New Zealand has been ranked the best performer in managing Covid-19 while Australia is ranked eighth, according to an index published by the Lowy Institute today.
The Lowy Institute’s new interactive feature – the Covid Performance Index – looks at how countries and territories have performed in responding to the pandemic.
It’s based on crunching data for the 36 weeks that followed every country’s hundredth confirmed case of Covid-19, based on indicators such as confirmed cases, confirmed deaths, confirmed cases per million people, confirmed deaths per million people, confirmed cases as a proportion of tests, and tests per thousand people.
Of the nearly 100 jurisdictions with publicly available and comparable data in these categories, New Zealand comes out in top place. It’s followed by Vietnam, Taiwan, Thailand, Cyprus, Rwanda, Iceland and Australia.
The researchers say China was not included in the rankings due to a lack of publicly available data on testing, but South Korea is ranked 20th, Japan 45th, the United Kingdom 66th, Indonesia 85th and the United States 94th, with Brazil in last place at 98th.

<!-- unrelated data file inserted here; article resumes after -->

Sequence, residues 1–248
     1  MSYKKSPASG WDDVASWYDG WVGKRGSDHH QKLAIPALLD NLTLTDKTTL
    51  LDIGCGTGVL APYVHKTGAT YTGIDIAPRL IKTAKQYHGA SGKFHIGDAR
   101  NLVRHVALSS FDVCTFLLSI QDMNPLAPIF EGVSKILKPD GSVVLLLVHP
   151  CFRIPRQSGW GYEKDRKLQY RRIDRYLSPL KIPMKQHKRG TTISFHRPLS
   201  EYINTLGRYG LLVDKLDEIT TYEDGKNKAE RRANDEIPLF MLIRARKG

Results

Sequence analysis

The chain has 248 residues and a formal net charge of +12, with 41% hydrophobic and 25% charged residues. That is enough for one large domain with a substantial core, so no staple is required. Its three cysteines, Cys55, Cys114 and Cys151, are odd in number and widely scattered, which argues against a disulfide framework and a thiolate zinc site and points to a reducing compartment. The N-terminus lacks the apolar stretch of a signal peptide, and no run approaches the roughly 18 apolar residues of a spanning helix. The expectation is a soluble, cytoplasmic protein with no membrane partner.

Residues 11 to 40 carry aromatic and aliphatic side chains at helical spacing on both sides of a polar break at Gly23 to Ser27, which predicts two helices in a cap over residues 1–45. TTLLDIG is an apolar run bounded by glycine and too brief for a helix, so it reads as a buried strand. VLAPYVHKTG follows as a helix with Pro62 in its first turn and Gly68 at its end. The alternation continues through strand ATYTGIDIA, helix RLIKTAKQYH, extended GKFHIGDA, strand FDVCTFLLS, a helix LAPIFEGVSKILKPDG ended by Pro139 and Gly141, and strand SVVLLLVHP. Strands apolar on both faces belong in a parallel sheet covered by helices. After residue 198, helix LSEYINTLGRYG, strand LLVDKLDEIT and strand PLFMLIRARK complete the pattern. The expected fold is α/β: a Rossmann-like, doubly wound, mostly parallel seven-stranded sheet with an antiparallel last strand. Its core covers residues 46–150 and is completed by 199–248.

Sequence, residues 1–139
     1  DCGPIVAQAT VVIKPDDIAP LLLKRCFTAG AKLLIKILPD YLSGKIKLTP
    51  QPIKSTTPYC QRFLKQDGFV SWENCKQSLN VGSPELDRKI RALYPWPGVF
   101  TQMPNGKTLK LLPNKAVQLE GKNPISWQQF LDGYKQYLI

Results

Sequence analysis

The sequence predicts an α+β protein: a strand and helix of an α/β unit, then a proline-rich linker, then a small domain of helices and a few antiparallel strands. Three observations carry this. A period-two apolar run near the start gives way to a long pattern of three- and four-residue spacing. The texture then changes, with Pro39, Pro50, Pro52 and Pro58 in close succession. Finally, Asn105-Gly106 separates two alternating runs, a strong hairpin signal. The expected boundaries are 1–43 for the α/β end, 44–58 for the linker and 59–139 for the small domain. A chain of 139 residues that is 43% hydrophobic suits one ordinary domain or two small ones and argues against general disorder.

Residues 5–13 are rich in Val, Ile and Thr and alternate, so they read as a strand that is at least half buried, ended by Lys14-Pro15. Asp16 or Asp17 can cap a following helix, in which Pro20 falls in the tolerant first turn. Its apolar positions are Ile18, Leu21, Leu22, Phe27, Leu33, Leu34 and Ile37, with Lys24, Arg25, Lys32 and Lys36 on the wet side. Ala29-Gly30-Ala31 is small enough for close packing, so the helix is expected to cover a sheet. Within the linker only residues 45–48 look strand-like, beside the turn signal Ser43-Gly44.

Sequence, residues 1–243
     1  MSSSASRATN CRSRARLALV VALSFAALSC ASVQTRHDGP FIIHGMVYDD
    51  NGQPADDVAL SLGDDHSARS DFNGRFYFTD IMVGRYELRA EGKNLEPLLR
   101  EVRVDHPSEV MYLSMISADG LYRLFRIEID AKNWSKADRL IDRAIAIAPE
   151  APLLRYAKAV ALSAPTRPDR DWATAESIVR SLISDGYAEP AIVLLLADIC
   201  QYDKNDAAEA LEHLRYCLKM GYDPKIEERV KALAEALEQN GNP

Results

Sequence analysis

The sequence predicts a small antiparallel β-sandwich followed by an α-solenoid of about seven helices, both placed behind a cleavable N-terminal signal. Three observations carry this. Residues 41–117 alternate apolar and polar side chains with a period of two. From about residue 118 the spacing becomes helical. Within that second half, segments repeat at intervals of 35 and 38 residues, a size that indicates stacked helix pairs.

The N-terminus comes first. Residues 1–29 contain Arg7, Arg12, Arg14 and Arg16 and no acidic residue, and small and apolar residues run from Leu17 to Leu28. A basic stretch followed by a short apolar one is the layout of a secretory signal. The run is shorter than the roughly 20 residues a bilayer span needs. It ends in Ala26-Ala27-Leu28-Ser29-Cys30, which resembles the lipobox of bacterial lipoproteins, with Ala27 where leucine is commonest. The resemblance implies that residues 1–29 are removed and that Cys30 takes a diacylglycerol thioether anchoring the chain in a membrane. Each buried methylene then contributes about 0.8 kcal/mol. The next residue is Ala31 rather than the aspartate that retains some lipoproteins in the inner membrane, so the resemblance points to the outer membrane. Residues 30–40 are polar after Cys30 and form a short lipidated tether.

“Although the coronavirus outbreak started in China, countries in the Asia-Pacific, on average, proved the most successful at containing the pandemic,” the interactive says. “By contrast, the rapid spread of Covid-19 along the main arteries of globalisation quickly overwhelmed first Europe and then the United States.”
Researchers Alyssa Leng and Hervé Lemahieu say smaller countries with populations of fewer than 10 million people “proved more agile than the majority of their larger counterparts in handling the health emergency for most of 2020” – but development levels or differences in political systems “had less of an impact on outcomes than often assumed or publicised”.
You can explore the interactive, and find out more about how they crunched the data, here.